The departure of Stephon Marbury signalled the end of the Knicks as the biggest soap opera in sports. What can the Knicks achieve without controversy and disharmony dragging them down? Probably 35 wins with this roster, but that’s not the point. The Knicks are now a young team. Chandler, Gallo, Hill and Douglas will be Knicks in the 2010/11 season. Lee might be. They will develop together, enjoy each other’s success and form a unit that will be the Knicks’ foundation, regardless of which free agents get signed next summer. Watching them take their first steps together this season will be interesting. If one were to show signs of the genuine leadership the Knicks sorely lack, that would be a huge bonus.

5) The continuing story of Mr Fumbles
This one is personal. Given his inabaility to regularly catch and control even the most basic of passes, I coined the nickname Mr Fumbles for Jared Jeffries. Yes, I know he can defend multiple positions but his offensive game is truly dire. My particular favourite Jeffries move is when he claims a defensive rebound and attempts to drive the length of the floor in transition. I lost count of the number of times he tried this last season. Once he crosses half court and the opposition gets reorganised, a steal or fumble is an inevitably. Everyone in the arena knows this – except Jared. I was keeping tabs on the Knicks pre-season against the Nets a week or so ago and was shocked to see Jeffries scored 11 points in the first half including two treys. Had he been hypnotised into believing he was an offensive threat? If so, watching him this season might be the year’s biggest surprise.

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The end of the enigmatic Steve Harmison era

Durham fast bowler Steve Harmison has been left out of the squad for the England team’s tour of South Africa this winter. The omission of the Geordie paceman will, in all probability, result in him announcing his retirement from international cricket. The South Africa tour now will mark the first time England have toured without either Harmison or his great friend Andrew Flintoff in the last ten years.

If Harmison does choose to retire from the international game, he will leave a bewildering legacy. While he has attracted his fair share of criticism over the years, I feel it’s harsh to say that he never reached his potential. He was once ranked as the world’s number one bowler. He proved his ability at the top level. The problem came when he was never able to sustain the form that made him the most feared bowler in world cricket.

Harmison also incurred the wrath of the national press with his apparent reluctance to tour. Stories of homesickness and turning up for tours out of form and unprepared have dogged him throughout his career. Yet his importance to the England team was never in question. The selectors chose Flintoff over Andrew Strauss as captain for the dismal 2005/6 Ashes tour on the basis that Freddie would get the best out of Harmy. When Kevin Pietersen’s brief tenure as skipper began, his first move was to coax the Geordie out of one day international retirement to unleash some Grievous Bodily Harmison on the South African tourists.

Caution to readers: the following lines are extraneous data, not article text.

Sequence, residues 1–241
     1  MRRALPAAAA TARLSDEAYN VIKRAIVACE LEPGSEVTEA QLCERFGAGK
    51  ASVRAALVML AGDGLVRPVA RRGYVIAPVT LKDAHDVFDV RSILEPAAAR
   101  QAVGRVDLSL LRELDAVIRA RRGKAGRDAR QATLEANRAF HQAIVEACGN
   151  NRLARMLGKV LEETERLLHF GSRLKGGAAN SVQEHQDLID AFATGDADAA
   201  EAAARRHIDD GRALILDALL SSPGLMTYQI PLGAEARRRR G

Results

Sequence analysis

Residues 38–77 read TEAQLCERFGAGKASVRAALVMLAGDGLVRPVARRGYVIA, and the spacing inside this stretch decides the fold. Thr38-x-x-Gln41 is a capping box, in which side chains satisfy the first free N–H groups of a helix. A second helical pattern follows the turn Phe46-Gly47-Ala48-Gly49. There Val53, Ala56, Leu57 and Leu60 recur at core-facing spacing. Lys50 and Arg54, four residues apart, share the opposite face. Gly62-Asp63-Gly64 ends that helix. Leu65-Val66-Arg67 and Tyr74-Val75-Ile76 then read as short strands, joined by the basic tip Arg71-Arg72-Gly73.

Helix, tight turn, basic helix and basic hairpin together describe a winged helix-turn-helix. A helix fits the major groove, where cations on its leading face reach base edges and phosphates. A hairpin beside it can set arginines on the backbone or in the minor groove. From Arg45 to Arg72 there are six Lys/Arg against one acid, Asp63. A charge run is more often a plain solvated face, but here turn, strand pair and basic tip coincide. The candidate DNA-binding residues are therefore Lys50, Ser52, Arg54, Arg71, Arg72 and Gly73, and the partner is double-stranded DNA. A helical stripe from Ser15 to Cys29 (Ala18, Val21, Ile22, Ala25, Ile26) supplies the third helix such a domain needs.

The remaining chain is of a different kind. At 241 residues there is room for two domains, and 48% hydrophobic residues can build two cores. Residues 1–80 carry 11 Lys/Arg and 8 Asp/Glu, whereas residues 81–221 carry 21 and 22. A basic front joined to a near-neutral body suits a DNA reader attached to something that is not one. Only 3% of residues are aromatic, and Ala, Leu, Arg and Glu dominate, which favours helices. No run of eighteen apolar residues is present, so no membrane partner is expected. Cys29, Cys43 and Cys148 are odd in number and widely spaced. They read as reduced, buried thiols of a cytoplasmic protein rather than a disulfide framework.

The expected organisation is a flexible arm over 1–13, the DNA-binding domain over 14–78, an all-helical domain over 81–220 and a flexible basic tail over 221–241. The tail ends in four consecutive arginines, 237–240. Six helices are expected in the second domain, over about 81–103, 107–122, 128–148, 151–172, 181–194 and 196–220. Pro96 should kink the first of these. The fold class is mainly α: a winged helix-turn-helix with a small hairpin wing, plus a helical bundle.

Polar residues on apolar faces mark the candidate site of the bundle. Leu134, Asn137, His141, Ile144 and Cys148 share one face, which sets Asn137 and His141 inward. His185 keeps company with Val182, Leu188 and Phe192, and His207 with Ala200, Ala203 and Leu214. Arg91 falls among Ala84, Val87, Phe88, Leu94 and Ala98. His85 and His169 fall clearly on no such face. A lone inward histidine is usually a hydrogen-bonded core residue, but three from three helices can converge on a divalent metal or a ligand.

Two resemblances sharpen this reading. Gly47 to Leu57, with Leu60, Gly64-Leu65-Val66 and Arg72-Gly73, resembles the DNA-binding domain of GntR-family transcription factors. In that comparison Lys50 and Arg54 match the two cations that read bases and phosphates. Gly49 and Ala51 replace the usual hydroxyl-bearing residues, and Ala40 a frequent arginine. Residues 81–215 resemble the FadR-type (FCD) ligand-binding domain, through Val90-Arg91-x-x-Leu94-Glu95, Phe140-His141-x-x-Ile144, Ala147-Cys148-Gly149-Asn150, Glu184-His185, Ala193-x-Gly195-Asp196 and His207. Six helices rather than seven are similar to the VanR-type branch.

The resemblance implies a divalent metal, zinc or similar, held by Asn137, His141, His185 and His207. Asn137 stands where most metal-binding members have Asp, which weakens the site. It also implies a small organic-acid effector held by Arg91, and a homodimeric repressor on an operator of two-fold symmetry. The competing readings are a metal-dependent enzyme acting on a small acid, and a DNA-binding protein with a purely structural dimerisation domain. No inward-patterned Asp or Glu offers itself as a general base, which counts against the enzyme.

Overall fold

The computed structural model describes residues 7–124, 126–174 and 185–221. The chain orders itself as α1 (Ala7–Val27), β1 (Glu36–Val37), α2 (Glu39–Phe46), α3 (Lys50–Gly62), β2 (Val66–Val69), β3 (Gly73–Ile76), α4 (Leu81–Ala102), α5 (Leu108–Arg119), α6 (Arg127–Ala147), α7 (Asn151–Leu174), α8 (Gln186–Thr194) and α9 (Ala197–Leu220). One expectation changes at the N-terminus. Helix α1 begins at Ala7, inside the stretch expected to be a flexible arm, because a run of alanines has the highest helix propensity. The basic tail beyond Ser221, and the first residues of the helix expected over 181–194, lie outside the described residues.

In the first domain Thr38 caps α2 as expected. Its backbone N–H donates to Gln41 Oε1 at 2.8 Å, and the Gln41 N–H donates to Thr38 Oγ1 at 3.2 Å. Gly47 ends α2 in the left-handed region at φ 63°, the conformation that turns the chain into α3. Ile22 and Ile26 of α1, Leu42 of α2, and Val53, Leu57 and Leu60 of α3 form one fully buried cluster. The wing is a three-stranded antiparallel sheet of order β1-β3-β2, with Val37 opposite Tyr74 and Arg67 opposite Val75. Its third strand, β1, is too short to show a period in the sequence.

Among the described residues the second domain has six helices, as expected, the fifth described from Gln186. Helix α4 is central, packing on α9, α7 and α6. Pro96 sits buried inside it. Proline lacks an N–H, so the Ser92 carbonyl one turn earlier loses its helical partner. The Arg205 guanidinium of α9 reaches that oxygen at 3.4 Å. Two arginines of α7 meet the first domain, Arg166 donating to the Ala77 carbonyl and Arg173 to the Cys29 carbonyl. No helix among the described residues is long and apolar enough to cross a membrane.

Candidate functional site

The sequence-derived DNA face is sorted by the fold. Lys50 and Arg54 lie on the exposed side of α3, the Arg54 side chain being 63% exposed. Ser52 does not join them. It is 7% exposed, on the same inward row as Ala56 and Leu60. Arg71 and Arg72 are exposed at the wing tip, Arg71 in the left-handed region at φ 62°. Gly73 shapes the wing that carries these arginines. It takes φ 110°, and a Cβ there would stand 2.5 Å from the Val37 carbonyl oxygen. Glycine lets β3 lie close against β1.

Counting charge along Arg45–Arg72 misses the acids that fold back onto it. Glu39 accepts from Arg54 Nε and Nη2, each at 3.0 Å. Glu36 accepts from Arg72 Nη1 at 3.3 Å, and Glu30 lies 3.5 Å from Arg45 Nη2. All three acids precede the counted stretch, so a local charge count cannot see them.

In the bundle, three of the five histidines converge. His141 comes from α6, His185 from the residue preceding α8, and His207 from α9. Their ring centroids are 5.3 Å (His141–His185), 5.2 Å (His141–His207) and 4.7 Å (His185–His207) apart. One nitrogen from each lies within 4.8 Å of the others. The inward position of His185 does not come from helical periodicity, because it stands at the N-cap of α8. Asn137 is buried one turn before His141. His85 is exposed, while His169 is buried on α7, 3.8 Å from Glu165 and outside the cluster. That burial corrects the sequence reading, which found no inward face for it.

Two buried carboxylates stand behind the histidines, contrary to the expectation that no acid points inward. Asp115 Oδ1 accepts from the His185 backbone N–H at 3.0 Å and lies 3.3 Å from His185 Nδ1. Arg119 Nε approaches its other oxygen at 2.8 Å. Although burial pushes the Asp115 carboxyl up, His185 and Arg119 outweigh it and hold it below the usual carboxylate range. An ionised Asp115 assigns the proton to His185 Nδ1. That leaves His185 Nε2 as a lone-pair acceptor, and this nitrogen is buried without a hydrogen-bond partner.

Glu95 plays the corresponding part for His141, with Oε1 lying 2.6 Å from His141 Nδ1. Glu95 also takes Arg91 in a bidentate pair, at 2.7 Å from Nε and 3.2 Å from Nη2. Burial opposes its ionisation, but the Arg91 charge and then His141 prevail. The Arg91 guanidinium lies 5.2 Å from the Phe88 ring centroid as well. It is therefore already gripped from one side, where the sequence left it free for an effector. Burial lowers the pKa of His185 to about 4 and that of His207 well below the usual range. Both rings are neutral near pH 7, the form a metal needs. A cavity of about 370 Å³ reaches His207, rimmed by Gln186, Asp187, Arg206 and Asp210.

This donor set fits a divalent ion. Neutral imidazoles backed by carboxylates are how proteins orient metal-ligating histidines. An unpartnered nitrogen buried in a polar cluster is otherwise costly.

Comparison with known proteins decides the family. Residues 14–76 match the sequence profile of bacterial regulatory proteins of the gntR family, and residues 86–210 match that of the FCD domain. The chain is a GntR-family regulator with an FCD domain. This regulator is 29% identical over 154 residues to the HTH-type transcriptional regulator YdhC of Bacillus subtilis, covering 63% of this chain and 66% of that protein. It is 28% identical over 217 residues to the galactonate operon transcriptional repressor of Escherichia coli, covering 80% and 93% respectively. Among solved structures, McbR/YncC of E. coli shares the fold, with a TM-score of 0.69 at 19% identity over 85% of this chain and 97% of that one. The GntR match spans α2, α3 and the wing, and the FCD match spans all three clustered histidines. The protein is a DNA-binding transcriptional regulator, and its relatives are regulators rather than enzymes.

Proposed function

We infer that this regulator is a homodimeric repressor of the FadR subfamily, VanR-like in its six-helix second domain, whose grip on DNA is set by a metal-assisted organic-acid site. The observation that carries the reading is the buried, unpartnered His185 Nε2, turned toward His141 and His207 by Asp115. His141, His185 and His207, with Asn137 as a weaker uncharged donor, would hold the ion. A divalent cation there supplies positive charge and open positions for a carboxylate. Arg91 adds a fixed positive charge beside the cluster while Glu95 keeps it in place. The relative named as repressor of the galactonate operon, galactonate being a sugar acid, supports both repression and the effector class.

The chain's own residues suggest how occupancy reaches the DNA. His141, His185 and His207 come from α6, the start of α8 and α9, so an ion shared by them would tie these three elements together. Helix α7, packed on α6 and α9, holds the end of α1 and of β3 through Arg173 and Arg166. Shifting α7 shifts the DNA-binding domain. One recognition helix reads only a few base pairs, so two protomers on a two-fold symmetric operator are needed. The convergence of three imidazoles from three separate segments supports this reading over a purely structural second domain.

So, how did a bowler with the height, pace and bounce to terrorise batsmen all over the world only realise his full potential in a golden 12-month period in 2003/4? The key to the mercurial Harmison lies in the circumstances in which the paceman produced his best performances for his country and offers a possible window into the character of a cricketer who will end his career with a creditable record but ultimately could have done so much more.

Harmison’s most memorable bowling spells came when conditions were in his favour. In 2004, he demolished the West Indies with a devastating burst of seven for 12 on a pacy wicket in Kingston, Jamaica, reducing the hosts to 47 all out and propelling England to a famous win. With his confidence up, he went on to take 23 wickets at 14.87 on that tour and was named man of the series. In July 2006, Harmison took full advantage of a quick and uneven Old Trafford surface to return match figures of 11 for 76 as England skittled Pakistan.

Yet against better teams, Harmison’s bowling figures were nowhere near as impressive. On the 2004/5 tour to South Africa, he took just nine wickets at an average of 73 and later admitted being affected by homesickness. Were his performances purely reliant on self-confidence? Was he only able to produce his best form when everything was in his favour? Do these stats reveal a character unable to raise his game when it truly mattered?

I can see why people would answer yes to these questions but I’d ultimately disagree. It’s easy to forget Harmison travelled to Bangladesh with England and took nine for 79 on a flat wicket in stiffling conditions. He also set the tone for the 2005 Ashes when he roughed Justin Langer and Ricky Ponting on that electric first morning at Lord’s. In the same series, he produced the ball of the series, his slower ball that bowled Michael Clarke on the third evening at Edgbaston. He even joined a South African state side so he could prepare for England’s 2007 tour to India, something he would not have done if, as suggested by some, he didn’t care about representing his country.

Yet despite these efforts, Harmison’s poor performances seem to provoke greater interest than his most memorable ones. He’ll probably never live down bowling the first ball of the 2006 Ashes to his mate Flintoff at second slip. Yes, it was one of the biggest wides anyone had ever seen but it was just one ball. Surely match-winning spells are more important? Struggling on flat wickets and bad luck afflict every bowler but, when they hurt Harmison’s figures, eyes were rolled and tutting eminated from pavilions. Why was he judged more harshly than  other bowlers?